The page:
Barnes & Noble Inc. (NYSE: BKS) may be back in favor after the huge $600 million or so investment from Microsoft Corporation (NASDAQ: MSFT). Jana Partners disclosed in April that it had taken a stake of about 12% or almost 7 million shares back when the stock was trading under $12.00. That stake is now already smaller as the firm decided to be opportunistic as a seller despite the firm being considered an activist investor.
When the shares popped to above $24.00 this week based upon the Microsoft investment, Jana unloaded a portion of the stock it recently purchased. A filing from the Securities and Exchange Commissions from Wednesday evening showed that on April 30, 2012 Jana Partners LLC sold 1,000,000 Barnes & Noble shares at a price of $24.42 per share. The investment group is far from being out of the position because the same filing shows that it still owns (or owned) some 5,959,359 shares of Barnes & Noble common stock as of April 30.
It is of course possible that Jana unloaded more shares and that later filings will come, but the firm signaled that more good things will come for the company (see below). On April 30 the stock traded more than 29.5 million shares and it hit a high print of $26.00 after opening at $25.79 with a close down at $20.75. This was a true profit-taking opportunity for anyone who has bought the stock and held on in hope of a successful go-private transaction or in hopes that activist investors would win here.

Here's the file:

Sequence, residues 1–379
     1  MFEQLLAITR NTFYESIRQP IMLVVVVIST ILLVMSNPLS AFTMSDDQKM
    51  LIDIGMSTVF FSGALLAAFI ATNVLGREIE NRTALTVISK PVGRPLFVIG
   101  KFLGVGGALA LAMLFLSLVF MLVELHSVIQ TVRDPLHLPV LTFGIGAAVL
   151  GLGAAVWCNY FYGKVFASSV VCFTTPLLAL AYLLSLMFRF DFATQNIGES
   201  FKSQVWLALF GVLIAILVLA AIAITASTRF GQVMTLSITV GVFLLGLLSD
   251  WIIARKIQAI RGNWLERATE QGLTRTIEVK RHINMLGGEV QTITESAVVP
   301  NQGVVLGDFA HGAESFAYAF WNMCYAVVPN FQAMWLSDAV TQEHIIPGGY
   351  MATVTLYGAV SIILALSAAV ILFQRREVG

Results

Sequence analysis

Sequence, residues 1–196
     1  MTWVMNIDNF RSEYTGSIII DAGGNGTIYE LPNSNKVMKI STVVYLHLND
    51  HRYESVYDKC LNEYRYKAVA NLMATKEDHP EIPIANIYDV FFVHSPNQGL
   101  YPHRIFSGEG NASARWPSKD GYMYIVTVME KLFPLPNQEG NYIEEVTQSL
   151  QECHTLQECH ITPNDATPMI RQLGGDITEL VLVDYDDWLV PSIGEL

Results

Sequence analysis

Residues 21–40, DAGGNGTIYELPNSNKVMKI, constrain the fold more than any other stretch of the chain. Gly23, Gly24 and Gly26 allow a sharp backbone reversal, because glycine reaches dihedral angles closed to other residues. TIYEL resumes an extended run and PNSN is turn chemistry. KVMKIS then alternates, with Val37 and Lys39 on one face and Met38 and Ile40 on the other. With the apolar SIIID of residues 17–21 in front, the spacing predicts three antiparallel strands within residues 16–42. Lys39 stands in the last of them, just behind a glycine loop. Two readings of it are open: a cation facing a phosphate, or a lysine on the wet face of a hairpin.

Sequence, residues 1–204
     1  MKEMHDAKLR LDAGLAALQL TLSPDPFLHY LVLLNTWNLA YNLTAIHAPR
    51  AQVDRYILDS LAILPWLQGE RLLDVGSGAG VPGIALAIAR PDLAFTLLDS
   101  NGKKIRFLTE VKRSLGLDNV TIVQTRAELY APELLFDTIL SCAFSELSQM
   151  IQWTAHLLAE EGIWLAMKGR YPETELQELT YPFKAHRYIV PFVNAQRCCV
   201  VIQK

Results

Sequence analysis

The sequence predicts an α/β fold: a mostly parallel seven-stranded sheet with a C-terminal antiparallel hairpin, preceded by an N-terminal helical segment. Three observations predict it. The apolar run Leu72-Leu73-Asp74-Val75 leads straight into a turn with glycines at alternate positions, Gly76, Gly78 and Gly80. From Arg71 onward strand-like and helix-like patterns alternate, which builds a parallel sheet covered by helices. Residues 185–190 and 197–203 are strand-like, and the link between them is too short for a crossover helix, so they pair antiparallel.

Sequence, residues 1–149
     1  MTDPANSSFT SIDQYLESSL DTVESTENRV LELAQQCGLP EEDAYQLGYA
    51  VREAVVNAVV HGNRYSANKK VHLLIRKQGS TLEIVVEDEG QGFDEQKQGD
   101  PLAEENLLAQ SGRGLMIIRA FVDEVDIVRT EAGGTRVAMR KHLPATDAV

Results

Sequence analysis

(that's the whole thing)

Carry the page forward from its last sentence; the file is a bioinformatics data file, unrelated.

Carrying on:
Liberty Media Corporation (NASDAQ: LMCA) may be the real winner here with its stake and exposure but its shares rose less 1% on the news since its market cap is already over $10 billion.
What is interesting is that Jana’s Barry Rosenstein commented on CNBC with David Faber just on the same Monday that there is a long way to go with this stock but he would not comment on Jana’s trading strategy on this. Rosenstein did talk a long-term game even though the newer filing shows that his firm may have been selling right into the commentary he was making. He thinks that brick & mortar business is a value and when Jana bought it was getting the Nook business for free. Rosenstein also noted that only 35% or so of the stock is in the free float.
It is not surprising at all that Jana would have sold some of the stake when it had a 90% to 100% or so in profits in such a short period of time. Perhaps the only shocker should be that the activist group only unloaded about one-seventh of its position.
JON C. OGG